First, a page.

Not Applicable
Part 8.
8a. Is the organization's archives in the collection of another institution or promised to one?: 
8a. Location: 
They will be going to Fales Library at NYU.
8b. Archival materials are also located at:: 
Where are these locations?: 
We suspect that many of the artists we’ve worked with through the years have further documentation of their projects.
Part 9.
9. Does the organization maintain archives for any other organization.: 
IF YES to 9: 10a. Please describe:
Part 10a.
10a. Is the archive accessible to scholars, curators or researchers?: 
Part 10b.
10b. Are there conditions of access for scholars, curators or researchers?: 
Part 10c.
10c. How are arrangements made for access to archive?: 
Right now, usually someone will email or call and ask to peruse our archives for various research purposes. Provided the request is valid, we usually welcome visitors to our archive. With our archives moving to Fales, it will be accessible to any NYU student or indepedent scholar by appointment.
Part 11.
The following questions address the historical materials (type, quantity and storage) of the organization. 11a. Paper Files and Documents: 
Artist Files
Board Minutes
Exhibition or Production Files
Financial Records
Legal Documents
By-laws / Incorporation Documents
Other Paper Files
11b. Artwork and Documentation: 
Audiotapes [Any Format]
CDs / DVDs [Pre-Recorded or CD-R / CD-RW / DVD-R / etc.]
Other Digital Materials
Prints / Lithographs / Etchings / Screenprints / etc.
Other Artwork
11c. Press and Promotional Materials: 
Announcements, Mailing Cards, etc.
Newspaper / Magazine / Media Clippings
Posters / Flyers
Other Press or Promotional Materials:
11d. Printed Publications: 
Commercially Published Materials
Programs of Events
Publication or Merchandise Catalogues
Other Printed Publications
11e. Other: 
Architectural Drawings / Floor Plan
Layouts / Sketches / Instructions for Installations
Part 12.
12. What years does the materials cover?: 
Part 13.
13a. How is the material stored?: 
Banker Boxes
File Cabinets
Flat Files
Three-Ring Binders
Other - Please describe below.
Please describe: 
Most of our archives are being moved into acid-free folders and boxes through our donation to Fales.
13b. Are some or all of these storage units “archival”?: 
Not Applicable
Part 14.
14a. Estimated Number of Boxes or Milk-Crate Sized Storage Units: 
21 - 30
14b. Estimated Number of Archive Drawers: 
1 - 10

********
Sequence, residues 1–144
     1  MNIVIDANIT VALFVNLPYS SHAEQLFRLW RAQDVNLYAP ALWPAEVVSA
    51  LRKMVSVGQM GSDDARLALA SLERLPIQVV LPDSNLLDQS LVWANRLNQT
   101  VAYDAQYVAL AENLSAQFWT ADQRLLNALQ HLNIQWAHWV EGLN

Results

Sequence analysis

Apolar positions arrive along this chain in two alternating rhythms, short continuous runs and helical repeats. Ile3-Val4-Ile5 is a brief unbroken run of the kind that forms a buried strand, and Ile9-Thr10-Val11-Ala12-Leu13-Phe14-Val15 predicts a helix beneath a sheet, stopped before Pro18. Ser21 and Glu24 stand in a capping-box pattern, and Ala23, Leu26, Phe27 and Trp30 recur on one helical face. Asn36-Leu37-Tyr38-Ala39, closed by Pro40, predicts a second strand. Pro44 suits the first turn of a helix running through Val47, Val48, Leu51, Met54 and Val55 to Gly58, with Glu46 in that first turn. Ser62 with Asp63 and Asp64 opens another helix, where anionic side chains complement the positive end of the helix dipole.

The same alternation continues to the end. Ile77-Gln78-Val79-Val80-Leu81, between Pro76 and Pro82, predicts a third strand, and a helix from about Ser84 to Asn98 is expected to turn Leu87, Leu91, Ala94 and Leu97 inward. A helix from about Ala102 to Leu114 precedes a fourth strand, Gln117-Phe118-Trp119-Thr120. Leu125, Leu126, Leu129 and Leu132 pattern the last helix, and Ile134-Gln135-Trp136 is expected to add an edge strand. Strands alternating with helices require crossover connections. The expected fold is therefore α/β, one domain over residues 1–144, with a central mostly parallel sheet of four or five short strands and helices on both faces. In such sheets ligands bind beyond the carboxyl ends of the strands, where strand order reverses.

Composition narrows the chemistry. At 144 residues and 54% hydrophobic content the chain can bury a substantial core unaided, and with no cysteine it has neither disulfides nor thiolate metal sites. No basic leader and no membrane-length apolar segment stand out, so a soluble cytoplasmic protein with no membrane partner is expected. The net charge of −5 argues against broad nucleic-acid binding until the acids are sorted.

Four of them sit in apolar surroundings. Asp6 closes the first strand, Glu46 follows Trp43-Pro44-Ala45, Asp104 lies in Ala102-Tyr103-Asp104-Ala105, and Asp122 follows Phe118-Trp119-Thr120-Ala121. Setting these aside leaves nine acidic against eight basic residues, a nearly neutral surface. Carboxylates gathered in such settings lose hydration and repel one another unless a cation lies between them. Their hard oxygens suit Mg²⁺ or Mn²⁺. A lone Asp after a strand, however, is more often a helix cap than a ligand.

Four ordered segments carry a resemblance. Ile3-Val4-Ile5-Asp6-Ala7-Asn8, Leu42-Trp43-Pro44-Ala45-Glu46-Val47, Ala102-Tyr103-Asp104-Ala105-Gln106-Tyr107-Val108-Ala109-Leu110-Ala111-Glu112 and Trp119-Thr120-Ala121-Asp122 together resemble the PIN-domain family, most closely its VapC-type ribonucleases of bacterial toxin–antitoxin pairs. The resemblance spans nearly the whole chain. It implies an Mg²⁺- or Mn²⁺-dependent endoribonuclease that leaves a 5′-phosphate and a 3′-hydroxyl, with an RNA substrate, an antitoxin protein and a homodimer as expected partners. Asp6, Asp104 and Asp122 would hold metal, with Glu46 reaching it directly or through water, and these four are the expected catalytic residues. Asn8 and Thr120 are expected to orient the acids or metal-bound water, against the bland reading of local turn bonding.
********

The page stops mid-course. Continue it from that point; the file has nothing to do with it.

14c. Estimated Number of Archive Notebooks: 
14d. Estimated the total Linear Feet. ["Linear Feet" is standard measure of the quantity of archival materials on the basis of shelf space occupied or the length of drawers in vertical files or the thickness of horizontally filed materials. For example, a: 
I don’t understand the question
Part 15.
15. Is the historical materials - or archives - inventoried or catalogued in any way, either formally or otherwise?: 
Part 16.
16a. Is there a key, index or finding aid to the materials inventoried?: 
16c. Electronic Based:: 
Word Processing Document [i.e. Word]
Spreadsheet [i.e. Excel]
searchable website is helpful, though it doesn’t specifically catalog the materials so much as the projects.
Part 16 / Electronic Files & Archival Management
16f. Does the organization have a back-up program, or back-up schedule, for its electronic records and perform monitoring of its removable media (i.e. floppies, ZIP disks, CD-ROMs, DVDs, portable hard drives, etc.)?: 
16g. Who is responsible for working with the archival material?: 
General Staff
Part 16 / Database
16d. What type of database software is in use?: 
16e. If FileMakerPro, what version? Please describe below.: 
6 for Mac OS X
Part 17.
17. How are new materials processed?: 
Manual System (Card File, File Folders)
Electronic (Database, etc.)
Part 18.
18. What, if any, conservation methods are in place for both physical materials and electronic data?: 
Acid-Free Housing
Part 20.
20a. What are the goals for the historical materials for the next year?: 
20b. What are the biggest challenges to reaching these short-term goals?: 
20c. What goals are in place for the historical materials for the next three to five years?: 
20d. What are the biggest challenges to reaching these long term goals?: 
20e. Are there any additional goals for the organizations historic materials?: 
Part 21.
21. Estimated cost to achieve these archival goals for the next year.: 
Part 22.
22. Estimated cost to achieve these archival goals for the next five years.: 
Part 24.
24. What archival issues could / should visual arts organizations address collectively in the next three to five years? Ranked from 1 (highest priority) to 5 (lowest priority).24a. Shared standards / protocols for digitization: 
Promote professional standards / protocols for digitization
Part 26.
26. Additional information, comments, observations, and questions.: 
If you currently would like to speak with someone about our archives, please contact Lauren Friedman -, or 212.206.6674 x270, as she is currently managing the in-house archives and the impending transfer. We very much support the AS-AP project!
Creative Time
Who executed this survey.: 
Lauren Friedman
Is this survey complete and all appropriate questions answered?: